In Southern Ireland life seems to be changing even faster. Traditional forces like the Catholic church are on the defensive after being shaken by a series of public scandals, most notably the Bishop Casey affair. There is nothing new in the Catholic church being corrupt and hypocritical in its conservative teachings, but now this is no longer a taboo subject of debate in Ireland. The humiliated Catholic hierarchy is today almost silent on the great social issues facing Irish society, such as abortion.
Other taboos are also going. Dublin politicians are openly contemplating ditching Articles 2 and 3 of the Irish constitution, which embody Dublin's formal claim on Northern Ireland. They have also declared their preparedness to abandon the South's formal neutrality from international military alliances.
These changes are in part further consequences of the shift in the balance of power in Ireland and around the world. As Western powers such as Britain have become more confident about throwing their weight around the world, even a puppet of imperialism like the Dublin establishment now feels better able to assert itself against republicanism - especially given Sinn Fein's decidedly marginal political influence in the South today.
The partition of Ireland created the South as an artificial state, economically backward and politically dominated by Britain. As a product of this, the Irish establishment has always been weak, dependent and lacking in political legitimacy. For years the Dublin authorities have sought to stabilise their rule by appealing to the strength of tradition - in particular, the traditions of Catholic morality and anti-British feeling. Since the troubles began in the sixties, Irish governments have often made gestures of defiance towards Whitehall, while cooperating with the British war effort on the ground.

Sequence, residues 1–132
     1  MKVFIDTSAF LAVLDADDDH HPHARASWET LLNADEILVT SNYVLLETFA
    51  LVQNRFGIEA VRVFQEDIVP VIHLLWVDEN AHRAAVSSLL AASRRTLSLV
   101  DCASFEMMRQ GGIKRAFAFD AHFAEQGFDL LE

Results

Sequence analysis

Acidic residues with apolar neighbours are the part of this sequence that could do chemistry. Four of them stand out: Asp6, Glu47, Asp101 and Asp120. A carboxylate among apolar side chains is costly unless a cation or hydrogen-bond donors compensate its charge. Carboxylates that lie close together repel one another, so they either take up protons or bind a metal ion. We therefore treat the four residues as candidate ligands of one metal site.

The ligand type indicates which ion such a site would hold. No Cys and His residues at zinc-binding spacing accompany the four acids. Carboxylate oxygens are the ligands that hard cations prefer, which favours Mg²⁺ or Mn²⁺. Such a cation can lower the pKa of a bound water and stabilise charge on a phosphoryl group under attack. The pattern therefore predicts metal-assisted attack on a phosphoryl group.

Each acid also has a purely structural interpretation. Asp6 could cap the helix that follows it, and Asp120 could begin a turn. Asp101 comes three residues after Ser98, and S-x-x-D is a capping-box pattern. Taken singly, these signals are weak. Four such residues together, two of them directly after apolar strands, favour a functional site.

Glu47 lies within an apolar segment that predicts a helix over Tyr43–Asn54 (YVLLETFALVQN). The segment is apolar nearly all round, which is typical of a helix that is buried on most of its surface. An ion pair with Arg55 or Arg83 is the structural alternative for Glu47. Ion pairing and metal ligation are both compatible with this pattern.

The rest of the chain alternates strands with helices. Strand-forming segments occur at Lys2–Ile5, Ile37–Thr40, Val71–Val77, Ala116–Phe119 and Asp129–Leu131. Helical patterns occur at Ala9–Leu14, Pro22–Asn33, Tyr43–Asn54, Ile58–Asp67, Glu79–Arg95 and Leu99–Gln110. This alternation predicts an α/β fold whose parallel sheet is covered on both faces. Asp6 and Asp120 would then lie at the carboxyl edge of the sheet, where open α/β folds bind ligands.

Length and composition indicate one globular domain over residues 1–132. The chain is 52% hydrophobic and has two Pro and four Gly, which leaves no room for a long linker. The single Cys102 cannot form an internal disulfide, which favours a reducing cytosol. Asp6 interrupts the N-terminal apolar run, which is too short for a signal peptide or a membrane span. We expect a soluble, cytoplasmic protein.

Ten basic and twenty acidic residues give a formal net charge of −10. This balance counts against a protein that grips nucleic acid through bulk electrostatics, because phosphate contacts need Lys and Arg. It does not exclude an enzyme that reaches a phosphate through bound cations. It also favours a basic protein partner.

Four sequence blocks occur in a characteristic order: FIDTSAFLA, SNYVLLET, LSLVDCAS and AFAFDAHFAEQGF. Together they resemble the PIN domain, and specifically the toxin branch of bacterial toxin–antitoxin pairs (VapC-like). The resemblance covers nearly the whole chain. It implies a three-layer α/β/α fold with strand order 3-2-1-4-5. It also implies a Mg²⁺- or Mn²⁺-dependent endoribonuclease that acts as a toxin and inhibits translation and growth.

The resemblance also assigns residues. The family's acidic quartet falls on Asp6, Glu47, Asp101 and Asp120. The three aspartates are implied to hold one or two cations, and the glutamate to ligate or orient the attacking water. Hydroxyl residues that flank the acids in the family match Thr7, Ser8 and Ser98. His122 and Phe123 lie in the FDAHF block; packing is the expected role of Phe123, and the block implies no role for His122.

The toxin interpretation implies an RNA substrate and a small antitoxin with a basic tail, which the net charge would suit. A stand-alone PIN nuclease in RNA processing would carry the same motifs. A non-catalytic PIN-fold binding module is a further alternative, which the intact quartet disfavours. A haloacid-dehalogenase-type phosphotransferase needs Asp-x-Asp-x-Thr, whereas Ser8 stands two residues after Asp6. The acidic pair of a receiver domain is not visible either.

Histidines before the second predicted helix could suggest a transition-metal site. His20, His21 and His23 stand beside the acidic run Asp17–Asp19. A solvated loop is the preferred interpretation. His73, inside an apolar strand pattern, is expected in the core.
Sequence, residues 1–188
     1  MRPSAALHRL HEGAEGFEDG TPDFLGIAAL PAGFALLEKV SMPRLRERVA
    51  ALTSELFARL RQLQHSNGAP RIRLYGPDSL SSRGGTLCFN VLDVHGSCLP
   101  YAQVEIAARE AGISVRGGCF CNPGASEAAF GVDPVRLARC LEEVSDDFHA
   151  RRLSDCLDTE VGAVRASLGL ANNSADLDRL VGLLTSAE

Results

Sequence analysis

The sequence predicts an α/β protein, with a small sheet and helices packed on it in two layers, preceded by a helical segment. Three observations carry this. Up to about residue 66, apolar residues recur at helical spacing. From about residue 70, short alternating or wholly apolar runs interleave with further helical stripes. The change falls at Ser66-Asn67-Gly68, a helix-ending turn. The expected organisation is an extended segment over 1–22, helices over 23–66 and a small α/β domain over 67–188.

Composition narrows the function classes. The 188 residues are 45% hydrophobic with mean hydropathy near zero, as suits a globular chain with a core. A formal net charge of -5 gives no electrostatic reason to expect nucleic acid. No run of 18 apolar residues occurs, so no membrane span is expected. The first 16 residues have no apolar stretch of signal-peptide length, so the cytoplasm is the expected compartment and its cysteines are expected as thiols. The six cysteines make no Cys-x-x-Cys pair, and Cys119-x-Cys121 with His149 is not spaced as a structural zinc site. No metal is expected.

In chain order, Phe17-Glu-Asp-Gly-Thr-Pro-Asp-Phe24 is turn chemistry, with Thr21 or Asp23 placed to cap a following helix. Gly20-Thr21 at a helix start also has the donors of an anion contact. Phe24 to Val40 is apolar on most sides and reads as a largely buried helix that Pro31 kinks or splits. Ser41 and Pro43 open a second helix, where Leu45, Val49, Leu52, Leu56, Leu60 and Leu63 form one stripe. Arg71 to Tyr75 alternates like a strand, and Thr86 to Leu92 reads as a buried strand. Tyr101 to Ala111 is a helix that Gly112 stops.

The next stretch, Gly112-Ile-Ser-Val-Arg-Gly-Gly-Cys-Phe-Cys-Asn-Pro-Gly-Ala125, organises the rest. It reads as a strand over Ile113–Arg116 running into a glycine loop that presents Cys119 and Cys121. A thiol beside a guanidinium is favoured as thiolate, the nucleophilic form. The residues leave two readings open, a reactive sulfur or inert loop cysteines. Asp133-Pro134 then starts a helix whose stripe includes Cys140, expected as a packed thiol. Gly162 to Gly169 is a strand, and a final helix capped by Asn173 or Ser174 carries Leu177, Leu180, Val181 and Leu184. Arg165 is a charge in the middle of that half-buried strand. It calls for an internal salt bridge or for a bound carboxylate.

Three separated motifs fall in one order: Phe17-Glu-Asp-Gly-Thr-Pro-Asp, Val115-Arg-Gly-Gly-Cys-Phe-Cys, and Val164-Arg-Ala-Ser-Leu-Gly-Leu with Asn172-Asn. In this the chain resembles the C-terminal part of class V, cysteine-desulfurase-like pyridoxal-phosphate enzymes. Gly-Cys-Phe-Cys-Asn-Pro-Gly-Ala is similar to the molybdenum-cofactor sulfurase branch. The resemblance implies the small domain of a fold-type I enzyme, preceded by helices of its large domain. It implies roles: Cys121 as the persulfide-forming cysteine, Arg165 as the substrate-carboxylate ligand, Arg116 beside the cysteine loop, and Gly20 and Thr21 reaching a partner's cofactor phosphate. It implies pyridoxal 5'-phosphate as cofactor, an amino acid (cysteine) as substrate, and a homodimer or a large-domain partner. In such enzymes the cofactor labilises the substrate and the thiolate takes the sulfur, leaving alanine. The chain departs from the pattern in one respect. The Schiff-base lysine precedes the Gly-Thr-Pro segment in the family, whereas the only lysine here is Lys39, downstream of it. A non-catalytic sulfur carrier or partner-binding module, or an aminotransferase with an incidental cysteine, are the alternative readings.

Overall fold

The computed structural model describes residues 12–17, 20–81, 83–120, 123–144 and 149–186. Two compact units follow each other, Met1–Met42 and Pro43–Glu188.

A new Ireland
Today, however, with the weakening of anti-imperialism, Ireland's political leaders are no longer so dependent on appealing to republican traditions and playing up illusory symbols of national independence. They can afford to be much less equivocal about promoting a 'new Ireland' and turning their backs on old shibboleths. The Irish political establishment does still have a serious legitimacy problem; the fact that it has nothing of substance with which to replace the old traditions means it is incapable of enthusing popular support. But whatever its problems today, it no longer feels under pressure to strike old-style poses on the national question. The result is that Irish ministers are officially sitting down with Loyalists for the first time since partition.
So what does all this mean for the British angle? The interaction of the new international balance with the new political agenda in Ireland has made the British authorities more confident in the war. They seem to believe that they can now go beyond achieving 'an acceptable level of violence' in Northern Ireland; that with the right mix of military repression and political measures they can get a decisive result in Ireland and bring the war to an end.